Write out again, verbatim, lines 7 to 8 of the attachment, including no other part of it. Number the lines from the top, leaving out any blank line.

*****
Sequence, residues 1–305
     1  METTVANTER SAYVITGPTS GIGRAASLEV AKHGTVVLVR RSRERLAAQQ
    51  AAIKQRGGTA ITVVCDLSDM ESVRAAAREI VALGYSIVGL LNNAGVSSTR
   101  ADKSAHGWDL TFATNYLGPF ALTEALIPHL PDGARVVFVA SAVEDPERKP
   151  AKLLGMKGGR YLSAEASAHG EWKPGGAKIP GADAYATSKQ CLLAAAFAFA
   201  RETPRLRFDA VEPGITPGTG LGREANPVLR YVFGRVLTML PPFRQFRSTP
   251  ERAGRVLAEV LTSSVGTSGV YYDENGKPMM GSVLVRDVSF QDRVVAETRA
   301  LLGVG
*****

   251  ERAGRVLAEV LTSSVGTSGV YYDENGKPMM GSVLVRDVSF QDRVVAETRA
   301  LLGVG